There are many good things to say about this book. It is well written - indeed it bowls along like a fine novel - informative, entertaining and intellegent. But perhaps above all what most impressed me is the beautiful balance Sandbrook achieves between the political, the economic and the cultural. All of these very different elements are given their due respect and place in his narrative and consequently they combine together to give a vivid impression of what life was really like in the Britain of the late 50s and early 60s.
All of the heavyweight political figures are given sufficient space to make them live as individuals: Eden, for example, a man of high principle touched with arrogance for whom, perhaps, the post of prime minister came at a stage in his life when he was a little past his peak; and Macmillan, the Edwardian gentleman who was a whole lot sharper than he ever let on. Similarly the economics of post war Britain is explained in a serious and meaningful, but never dry, fashion. Cabinet rumbles over inflationary and deflationary budget options contain, in Sandbrook's hands, moments of surprising high drama with resignations and often rather childish temper-tantrums being far from uncommon. Similarly the scandals of the time, and in particular the Profumo affair, are given excellent coverage. It wasn't until I had read this book that I fully understood just why the affair between a fairly low-level minister and the (frankly gorgeous) party girl Christine Keeler rocked the Macmillan government to its very core.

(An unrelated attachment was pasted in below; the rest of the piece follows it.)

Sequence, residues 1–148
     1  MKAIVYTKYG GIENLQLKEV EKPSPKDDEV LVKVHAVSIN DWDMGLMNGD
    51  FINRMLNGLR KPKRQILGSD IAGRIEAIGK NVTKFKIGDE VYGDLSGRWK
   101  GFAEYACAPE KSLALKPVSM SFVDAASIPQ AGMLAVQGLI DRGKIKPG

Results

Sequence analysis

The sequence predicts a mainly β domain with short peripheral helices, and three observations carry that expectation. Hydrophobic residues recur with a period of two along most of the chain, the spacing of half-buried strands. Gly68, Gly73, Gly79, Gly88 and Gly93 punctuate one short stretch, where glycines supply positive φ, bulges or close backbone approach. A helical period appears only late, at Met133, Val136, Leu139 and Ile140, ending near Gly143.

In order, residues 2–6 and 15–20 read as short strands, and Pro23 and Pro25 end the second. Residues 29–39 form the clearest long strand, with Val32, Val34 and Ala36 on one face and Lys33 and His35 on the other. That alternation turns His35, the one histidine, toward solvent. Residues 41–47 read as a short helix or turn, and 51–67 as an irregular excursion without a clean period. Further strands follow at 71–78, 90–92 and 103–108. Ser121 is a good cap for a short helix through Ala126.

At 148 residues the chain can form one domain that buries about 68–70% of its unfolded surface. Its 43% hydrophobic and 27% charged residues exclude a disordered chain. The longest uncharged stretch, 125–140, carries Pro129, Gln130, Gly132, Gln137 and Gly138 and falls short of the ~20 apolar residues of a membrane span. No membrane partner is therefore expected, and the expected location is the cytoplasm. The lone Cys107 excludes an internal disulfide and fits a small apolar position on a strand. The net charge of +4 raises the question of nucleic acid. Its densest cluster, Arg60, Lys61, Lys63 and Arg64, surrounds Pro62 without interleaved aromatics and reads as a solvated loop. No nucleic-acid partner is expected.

But for me what makes this book a real joy - and what puts it above many other volumes of a similar nature - is the attention given to the cultural figures of the time. There is an excellent chapter on the literary scene with colourful portrayals of Kingsley Amis, Philip Larkin, John Osborne and Colin Wilson. The ground-breaking genius of the Beyond the Fringe gang is given an excellent account. The emergence of the Beatles as a genuinely revolutionary force both socially and musically is well covered; and the appeal of the Bond films - with their exotic glamour and charismatic, suave lead Sean Connery - to a population often mired in near-poverty and sadly colourless lives is beautifully and articulately explained. If you want to know what really mattered, culturally, economically and socially, to the people of Britain during the years between '56 and '63 whether they were upper, middle or working class then this is the book to get. If you were interested enough in the volume to read this review then I would have no hesitation in recommending you pick yourself up a copy straight away. It's both intelligent and a good read, and you really can't ask for more than that from any book.